Please Destroy Any of My Recorded Sermons


Most of my recorded sermons are on cassette tapes. I know what you are thinking. I am old.

I served as pastor of four churches and as interim pastor of nine churches. Many of the churches recorded my sermons and distributed them via cassette tapes. There are a lot of my sermons out there. I cringe thinking about someone listening to them today.

I am not, nor was I ever, a good preacher. My words are not those of false humility. They are frank reflections of reality. Here are some of the reasons my past sermons are really bad.

1. I did not deal with the biblical text sufficiently. As I have listened to pastors in recent years, I am grateful for their solid biblical exposition. But my sermons mostly did not dig deeply into the text.

2. My sermons had too many illustrations. One of the reasons I did not deal well with the biblical text was my overdependence on illustrations. I told too many stories instead of dealing with God’s story.

3. I was dependent on emotions too often. I used emotional illustrations often. I added humor too frequently. I was sadly dependent on emotionally moving the hearers rather than leaving the work to the Holy Spirit.

4. Some of my sermons reflected insufficient preparation. In most of my churches, I preached two different sermons, one on Sunday morning and one on Sunday night. In addition, I prepared two Bible studies, one for a small group class I taught and one for Wednesday night services. Instead of doing one sermon well each week, I prepared several sermons poorly.

5. I did not give sermons priority in my ministry. Too often I let the tyranny of the urgent replace a needed focus on my preparation and preaching. My use of time in ministry reflected poor stewardship.

I apologize to those of you who sat under my preaching. It is my prayer that God used my preaching despite me. I could have done better. I should have done better.

Somewhere in my house are several boxes containing hundreds of cassettes. My wife probably does not want them destroyed. She will likely want our three sons to have them. I cringe at the thought of the three of them laughing heartily as they listen to their old man trying to preach. I cringe even more thinking about my grandchildren getting the cassettes.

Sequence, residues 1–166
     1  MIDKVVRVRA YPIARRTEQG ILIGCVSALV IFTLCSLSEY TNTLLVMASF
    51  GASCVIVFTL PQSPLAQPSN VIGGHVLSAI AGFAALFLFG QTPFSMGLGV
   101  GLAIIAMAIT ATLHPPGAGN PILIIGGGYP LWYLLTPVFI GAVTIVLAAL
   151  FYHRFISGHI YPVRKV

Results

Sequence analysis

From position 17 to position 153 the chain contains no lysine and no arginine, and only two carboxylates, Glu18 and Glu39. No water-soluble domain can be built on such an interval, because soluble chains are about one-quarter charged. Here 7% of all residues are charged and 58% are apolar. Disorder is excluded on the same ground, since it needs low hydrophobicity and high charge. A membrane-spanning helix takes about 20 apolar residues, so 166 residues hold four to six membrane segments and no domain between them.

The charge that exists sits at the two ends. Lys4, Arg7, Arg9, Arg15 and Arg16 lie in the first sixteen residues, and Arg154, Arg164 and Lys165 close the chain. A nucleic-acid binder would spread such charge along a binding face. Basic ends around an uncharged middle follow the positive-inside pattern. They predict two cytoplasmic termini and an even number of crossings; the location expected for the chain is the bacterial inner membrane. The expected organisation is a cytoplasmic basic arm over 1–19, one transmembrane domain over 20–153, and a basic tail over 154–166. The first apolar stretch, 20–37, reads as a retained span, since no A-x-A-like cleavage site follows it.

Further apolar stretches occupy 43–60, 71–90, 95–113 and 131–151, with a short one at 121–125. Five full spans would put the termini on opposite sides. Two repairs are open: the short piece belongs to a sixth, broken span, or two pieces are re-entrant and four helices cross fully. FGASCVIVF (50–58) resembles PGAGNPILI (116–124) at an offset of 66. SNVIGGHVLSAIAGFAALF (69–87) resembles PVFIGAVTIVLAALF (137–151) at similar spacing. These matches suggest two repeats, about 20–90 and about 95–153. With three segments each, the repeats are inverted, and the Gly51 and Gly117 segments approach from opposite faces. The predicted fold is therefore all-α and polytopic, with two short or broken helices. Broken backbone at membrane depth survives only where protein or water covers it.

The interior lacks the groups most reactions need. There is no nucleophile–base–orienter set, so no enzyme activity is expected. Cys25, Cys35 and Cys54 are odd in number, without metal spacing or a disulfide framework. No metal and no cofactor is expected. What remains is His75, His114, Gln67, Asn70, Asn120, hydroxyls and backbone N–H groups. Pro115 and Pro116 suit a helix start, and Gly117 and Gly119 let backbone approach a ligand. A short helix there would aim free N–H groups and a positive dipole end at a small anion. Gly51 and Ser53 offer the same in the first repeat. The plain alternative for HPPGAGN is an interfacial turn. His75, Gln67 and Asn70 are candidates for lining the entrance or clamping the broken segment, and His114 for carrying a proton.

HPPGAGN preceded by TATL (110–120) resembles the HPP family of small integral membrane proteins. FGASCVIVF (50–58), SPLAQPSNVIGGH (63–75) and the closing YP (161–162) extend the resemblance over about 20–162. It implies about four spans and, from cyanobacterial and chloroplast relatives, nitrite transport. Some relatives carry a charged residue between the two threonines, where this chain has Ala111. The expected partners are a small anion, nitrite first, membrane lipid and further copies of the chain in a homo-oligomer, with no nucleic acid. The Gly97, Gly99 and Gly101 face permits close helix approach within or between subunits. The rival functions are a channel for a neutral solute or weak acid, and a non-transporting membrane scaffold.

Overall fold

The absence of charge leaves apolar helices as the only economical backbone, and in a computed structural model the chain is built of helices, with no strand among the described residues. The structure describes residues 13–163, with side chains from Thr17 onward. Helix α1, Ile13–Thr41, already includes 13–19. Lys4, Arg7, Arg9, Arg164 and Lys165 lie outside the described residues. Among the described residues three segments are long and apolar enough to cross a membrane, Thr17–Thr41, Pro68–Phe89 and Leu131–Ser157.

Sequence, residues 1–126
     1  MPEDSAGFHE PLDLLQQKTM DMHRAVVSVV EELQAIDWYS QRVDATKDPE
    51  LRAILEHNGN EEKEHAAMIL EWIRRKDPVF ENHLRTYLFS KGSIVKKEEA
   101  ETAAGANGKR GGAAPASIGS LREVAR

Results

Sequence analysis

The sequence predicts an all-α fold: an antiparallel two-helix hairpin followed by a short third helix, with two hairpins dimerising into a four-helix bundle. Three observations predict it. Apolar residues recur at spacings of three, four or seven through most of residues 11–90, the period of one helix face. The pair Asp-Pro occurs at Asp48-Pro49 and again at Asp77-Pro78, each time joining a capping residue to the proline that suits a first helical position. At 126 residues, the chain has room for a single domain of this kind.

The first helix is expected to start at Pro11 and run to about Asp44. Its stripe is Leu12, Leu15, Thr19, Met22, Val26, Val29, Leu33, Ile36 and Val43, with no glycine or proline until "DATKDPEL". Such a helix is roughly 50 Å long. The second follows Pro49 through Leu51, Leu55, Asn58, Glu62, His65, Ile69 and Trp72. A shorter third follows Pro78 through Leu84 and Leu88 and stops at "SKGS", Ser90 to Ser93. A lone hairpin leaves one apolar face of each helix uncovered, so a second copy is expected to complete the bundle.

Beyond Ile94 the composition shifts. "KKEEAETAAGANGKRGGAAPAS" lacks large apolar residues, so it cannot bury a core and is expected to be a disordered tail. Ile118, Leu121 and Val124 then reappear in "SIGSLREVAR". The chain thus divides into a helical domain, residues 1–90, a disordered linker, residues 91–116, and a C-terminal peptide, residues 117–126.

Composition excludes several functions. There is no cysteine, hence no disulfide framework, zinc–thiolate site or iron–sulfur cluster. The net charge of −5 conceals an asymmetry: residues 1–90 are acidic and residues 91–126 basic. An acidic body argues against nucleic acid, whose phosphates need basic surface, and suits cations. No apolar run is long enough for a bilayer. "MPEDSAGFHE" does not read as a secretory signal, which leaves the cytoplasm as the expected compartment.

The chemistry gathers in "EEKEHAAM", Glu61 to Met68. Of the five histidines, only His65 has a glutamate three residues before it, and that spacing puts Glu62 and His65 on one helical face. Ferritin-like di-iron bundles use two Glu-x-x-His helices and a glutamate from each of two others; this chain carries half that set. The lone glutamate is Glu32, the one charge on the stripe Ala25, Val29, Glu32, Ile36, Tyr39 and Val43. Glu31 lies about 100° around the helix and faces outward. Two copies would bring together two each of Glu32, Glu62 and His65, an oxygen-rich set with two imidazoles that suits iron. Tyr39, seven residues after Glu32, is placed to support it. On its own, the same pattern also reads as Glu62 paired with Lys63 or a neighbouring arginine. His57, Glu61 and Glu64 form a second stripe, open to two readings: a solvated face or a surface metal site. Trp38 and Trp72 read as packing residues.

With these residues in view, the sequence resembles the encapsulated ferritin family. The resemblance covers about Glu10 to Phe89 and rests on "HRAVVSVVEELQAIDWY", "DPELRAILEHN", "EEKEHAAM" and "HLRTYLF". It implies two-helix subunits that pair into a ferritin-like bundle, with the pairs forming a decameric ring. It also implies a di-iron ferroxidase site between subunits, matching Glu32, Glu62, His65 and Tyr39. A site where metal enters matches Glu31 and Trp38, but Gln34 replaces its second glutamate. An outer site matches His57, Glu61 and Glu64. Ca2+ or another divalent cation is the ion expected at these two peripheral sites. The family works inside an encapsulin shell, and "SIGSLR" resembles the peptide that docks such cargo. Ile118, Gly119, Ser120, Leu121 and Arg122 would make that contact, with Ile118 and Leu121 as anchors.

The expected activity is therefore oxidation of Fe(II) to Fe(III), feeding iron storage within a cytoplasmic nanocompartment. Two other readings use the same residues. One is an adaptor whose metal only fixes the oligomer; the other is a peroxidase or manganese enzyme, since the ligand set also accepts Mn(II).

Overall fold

For those of you who are new in the preaching world, please consider my counsel. Do the opposite of what I did, and you will do well as a preacher.

And if you happen to come across one of my old sermons on a cassette, please destroy it immediately.

The world will be a better place for your diligence.


Posted on February 27, 2023

With nearly 40 years of ministry experience, Thom Rainer has spent a lifetime committed to the growth and health of local churches across North America.
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  • Jesus used a lot of stories and illustrations. Paul did not, both seemed to work.
    Often times people connect emotionally before they connect intellectually.
    I do not know how much time is needed for sermon prep, but people also take a lot of time, that makes for a tough balance.
    I am concerned in your own self evaluation you may now espouse another imbalance in the other direction.

  • Aledzi Koffi agevi says on

    This is a great idea I have gotten this morning from a great preacher. But I don’t think our father in the Lord preach his sermons without being inspired by the Holy spirit and God. So those sermons are still genius and they are the pictures of great humility and I beg the younger generation to imitate the same pattern of preaching. Weldone Pastor. God bless you and your generation

  • Andrew Doubleday says on

    I was saddened by your judgement of yourself, Thom. Your list of ‘failings’ are part of the incarnational nature of preaching. People were blessed by them, or they would not have been reproduced and listened to. People remember good stories – this is why illustrations are so important. You might have the most erudite exposition of a text, and find that most of your pearls would get lost because of the lack of illustrations. We live in story, which is part of the reason Jesus told so many.
    And, we are emotional beings – God created us that way – it’s when the heart is touched that there is greater possibility for life change than just reaching the mind.
    After 30+ years of preaching (only 2 parishes) – the reason that I would cringe at the though of anyone listening to anything older than a maximum of 10 years is that I’ve grown, and may not see things quite as I saw them. I imagine that the same will be true 10 years from now.

  • Love Dennis says on

    This just motivated me to prepare more when I’m about to preach.
    As a 25-year-old Pastor of a local church, I don’t want to look behind and feel sorry for those who sat under my ministration decades back.
    Thanks for this!

  • A great seminary professor told our class of future preachers a few things I’ve never forgotten. 1) You can’t top yourself every week. That’s impossible. You’ll have some good ones and you’ll have some train wrecks. Just keep getting back up there and be faithful to expose the Word honestly. 2) Your sermons are not going to change people. Yes you want to engage people, but if your aim is to dynamically transform people – keep in mind that’s God’s job. He does the changing. You deliver the message. 3) He also said it takes about 5 years of preaching every week for a pastor to hit their stride in message prep and delivery. I’m 8 years in and ‘Ive gotten better, but I still feel like a middle schooler trying to teaching a master’s class most of the time.

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